1. This case is somewhat unusual and just a little difficult. It seems that there was a revenue-paying estate, Taluk Kamalakanta Chakrabarti, divided into two separate accounts. One was estate No. 1536. That belonged to defendant 1 and also to the father of defendants 5 to 12. The other account was No. 1536/2 and that was a separate hissa, 1 anna 12 gandas 2 karhas of the same taluk and belonged to the plaintiffs. The plaintiffs' estate, by reason of some chicanery on the part of the predecessor of defendants 5 to 12 was sold for arrears of revenue in 1921, and was purchased by him. The plaintiffs brought a suit to have it declared that the sale was bad and, before they got a decree, in September 1928, the march kist for 1923 fell due. Estate No. 1536/2 was again sold for default of revenue and it was purchased by defendant 4, who was not a cosharer in either of the two accounts. He sold it to defendant 3, who sold it to defendant 1, in the berami name of defendant 2. Thereupon, the plaintiffs bring their suit, first of all to set aside that sale and this part of their suit has been dismissed by both the Courts. Secondly, they claim that defendant 1, who is a cosharer in No. 1536, is liable to hold what he bought, namely estate No. 1536/2, on account of the plaintiffs, subject to their contributing what he had paid. The case made by the plaintiffs is to this effect: they say that, while they were fighting to recover this estate from defendants 5 to 12, whose father had bought it at the first sale, defendant 1 was a party to an arrangement not to call it a conspiracy--with defendant 5 to the effect that the revenue in both these estates should not be paid for the kist of 1923 and that they were acting in concert with the idea that both estates would be sold, but would be sold to somebody who would make the taluk over to defendant 1.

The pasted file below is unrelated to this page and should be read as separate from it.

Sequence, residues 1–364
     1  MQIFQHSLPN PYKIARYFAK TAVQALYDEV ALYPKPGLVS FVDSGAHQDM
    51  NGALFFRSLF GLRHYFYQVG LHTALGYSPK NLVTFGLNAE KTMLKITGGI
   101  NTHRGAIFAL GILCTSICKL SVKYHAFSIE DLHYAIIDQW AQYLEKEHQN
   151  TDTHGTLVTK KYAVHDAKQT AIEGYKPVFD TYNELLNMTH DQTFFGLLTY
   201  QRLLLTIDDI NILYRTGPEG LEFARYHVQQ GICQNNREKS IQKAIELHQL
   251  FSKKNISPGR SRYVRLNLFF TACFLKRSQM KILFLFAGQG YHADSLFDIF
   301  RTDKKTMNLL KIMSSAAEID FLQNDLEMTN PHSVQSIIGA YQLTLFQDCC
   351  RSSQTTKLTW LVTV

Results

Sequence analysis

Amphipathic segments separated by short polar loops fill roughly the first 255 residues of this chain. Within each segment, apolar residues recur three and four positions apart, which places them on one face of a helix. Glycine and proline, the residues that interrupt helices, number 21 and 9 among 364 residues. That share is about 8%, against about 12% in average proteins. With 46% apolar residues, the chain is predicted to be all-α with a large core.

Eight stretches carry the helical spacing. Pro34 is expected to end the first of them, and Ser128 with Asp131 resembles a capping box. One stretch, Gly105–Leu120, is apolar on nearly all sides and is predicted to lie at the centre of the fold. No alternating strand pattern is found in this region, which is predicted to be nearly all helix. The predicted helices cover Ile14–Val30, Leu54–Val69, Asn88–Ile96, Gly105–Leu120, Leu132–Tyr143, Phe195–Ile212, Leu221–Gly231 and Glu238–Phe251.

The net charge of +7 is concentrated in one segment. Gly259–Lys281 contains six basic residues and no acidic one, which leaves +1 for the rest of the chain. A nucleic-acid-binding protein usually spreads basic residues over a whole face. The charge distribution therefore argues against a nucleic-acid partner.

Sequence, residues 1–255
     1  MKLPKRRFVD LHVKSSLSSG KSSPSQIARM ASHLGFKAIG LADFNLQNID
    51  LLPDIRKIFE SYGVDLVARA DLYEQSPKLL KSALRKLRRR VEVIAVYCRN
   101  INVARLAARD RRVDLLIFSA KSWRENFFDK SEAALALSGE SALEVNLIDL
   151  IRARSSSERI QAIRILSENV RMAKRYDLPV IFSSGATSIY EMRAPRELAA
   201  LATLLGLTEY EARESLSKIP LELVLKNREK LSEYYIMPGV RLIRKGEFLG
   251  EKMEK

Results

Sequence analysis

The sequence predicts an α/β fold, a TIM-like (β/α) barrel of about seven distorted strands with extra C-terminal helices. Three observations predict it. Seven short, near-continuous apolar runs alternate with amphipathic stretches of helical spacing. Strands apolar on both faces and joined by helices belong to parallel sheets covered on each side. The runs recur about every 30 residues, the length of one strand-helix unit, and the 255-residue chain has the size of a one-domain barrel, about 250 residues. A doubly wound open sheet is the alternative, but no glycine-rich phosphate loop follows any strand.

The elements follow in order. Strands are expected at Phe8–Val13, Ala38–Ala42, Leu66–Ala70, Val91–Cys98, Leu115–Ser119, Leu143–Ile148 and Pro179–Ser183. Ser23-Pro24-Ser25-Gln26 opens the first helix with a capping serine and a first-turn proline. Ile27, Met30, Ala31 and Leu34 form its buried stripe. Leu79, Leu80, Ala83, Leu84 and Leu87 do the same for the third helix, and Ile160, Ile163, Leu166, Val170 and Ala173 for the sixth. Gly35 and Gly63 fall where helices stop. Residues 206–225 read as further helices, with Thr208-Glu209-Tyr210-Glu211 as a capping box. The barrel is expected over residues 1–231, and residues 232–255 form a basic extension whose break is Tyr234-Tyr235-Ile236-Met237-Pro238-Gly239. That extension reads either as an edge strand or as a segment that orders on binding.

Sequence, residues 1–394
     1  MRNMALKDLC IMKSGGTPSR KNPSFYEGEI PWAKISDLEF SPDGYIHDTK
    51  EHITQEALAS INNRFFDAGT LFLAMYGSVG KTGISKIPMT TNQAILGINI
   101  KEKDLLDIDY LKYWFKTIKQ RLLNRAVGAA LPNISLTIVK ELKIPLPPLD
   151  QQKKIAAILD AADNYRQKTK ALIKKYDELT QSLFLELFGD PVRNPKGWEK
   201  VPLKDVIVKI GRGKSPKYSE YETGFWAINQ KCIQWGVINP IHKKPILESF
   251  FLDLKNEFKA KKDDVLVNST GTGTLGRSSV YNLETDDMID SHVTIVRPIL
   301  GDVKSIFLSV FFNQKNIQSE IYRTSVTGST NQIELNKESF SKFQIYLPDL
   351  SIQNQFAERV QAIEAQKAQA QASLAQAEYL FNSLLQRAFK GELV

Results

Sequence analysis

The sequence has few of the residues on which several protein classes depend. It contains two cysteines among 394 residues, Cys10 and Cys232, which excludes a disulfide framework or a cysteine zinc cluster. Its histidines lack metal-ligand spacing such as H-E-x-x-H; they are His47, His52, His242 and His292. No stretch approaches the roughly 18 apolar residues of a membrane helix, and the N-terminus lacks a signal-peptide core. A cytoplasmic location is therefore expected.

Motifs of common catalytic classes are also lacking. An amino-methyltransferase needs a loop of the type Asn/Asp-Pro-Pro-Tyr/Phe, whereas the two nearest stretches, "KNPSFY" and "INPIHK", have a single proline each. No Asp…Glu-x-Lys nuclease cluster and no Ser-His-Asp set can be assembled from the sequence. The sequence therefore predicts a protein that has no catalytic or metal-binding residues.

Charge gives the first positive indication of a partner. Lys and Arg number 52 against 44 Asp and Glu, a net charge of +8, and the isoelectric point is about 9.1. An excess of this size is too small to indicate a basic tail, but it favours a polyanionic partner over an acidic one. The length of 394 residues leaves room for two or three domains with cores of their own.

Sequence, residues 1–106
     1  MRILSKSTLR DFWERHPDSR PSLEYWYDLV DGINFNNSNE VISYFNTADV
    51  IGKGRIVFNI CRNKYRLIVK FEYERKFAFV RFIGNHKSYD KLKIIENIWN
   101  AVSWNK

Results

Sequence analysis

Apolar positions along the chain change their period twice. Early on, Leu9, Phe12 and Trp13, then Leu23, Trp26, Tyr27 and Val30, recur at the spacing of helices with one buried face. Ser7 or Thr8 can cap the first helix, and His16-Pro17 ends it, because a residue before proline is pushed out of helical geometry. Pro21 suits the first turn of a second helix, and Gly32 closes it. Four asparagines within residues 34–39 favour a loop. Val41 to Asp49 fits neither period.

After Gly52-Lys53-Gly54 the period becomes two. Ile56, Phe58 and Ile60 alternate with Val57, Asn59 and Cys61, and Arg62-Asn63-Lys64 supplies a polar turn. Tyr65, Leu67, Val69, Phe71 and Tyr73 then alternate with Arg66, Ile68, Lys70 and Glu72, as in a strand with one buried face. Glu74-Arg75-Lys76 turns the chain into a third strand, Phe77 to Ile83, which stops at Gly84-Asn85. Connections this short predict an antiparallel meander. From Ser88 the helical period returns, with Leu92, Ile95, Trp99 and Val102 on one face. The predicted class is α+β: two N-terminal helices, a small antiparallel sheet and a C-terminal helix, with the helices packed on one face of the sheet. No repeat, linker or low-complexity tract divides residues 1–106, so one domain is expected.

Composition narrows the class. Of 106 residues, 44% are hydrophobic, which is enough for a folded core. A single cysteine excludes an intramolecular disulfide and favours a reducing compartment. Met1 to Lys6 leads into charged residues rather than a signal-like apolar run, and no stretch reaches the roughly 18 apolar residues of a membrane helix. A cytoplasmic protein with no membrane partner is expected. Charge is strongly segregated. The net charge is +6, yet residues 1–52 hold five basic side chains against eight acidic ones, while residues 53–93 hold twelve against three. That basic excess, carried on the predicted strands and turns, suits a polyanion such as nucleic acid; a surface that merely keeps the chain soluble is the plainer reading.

2. Their case is that defendant 5 and defendant 1 were really colluding to pro-cure a default in the revenue and to procure a sale, which would vest the plaintiffs' estate in defendant 1. Now the first question is whether that case, if it is made out on the facts, is a good case and would entitle the plaintiffs to the relief, which the learned Subordinate Judge has given, that is to say, an order on defendant 1 to reconvey the plaintiffs' share to the plaintiffs on the plaintiffs depositing the auction purchase money with proper stamp in Court. It has been contended on behalf of the appellants that it is not so. It is said that defendant 1 was not directly liable for any portion of the revenue for No. 1536/2, that separate account: and that the only case in which any amount of scheming would entitle the plaintiffs to get such an order against their cosharer is a case where the cosharer is liable to pay the revenue and makes default in paying the revenue. That certainly has-been the commonest class of cases in the law reports and that was the case before the Privy Council in Deo Nandan Prashad v. Janki Singh A.I.R. 1916 P.C. 227. But it seems to me that an principle, it is difficult to. nay that the matter depends upon the cosharer being directly liable to pay the revenue. If the cosharer, although not; liable to pay the revenue on this particular joint account, goes and arranges with another and procures with him that there shall be a default in order that the cosharer may ultimately purchase, that seems to be conduct inconsistent with any relation of mutual confidence between cosharers and, if so, equity can give a remedy. At one time it was broadly held that there was no fiduciary relationship at all between cosharers [Doorga Singh v. Sheo Parshad  l6 Cal. 194], but if there is any such relation between co-sharers, can it be limited to this: that each will pay his own share of the revenue The essence of the matter is the procuring of a revenue sale in order to defeat the other's interest. Defendant 1 was not liable to pay the revenue, but that is no reason why he should enter into an arrangement with defendant 5 that defendant 5 should not pay in order that there might be a sale and that defendant 1 should get the plaintiffs' property. The one kind of conduct; would seem to be just as much fraudulent or wrongful as the other, always provided that the plaintiffs and the person, who so acts, are cosharers.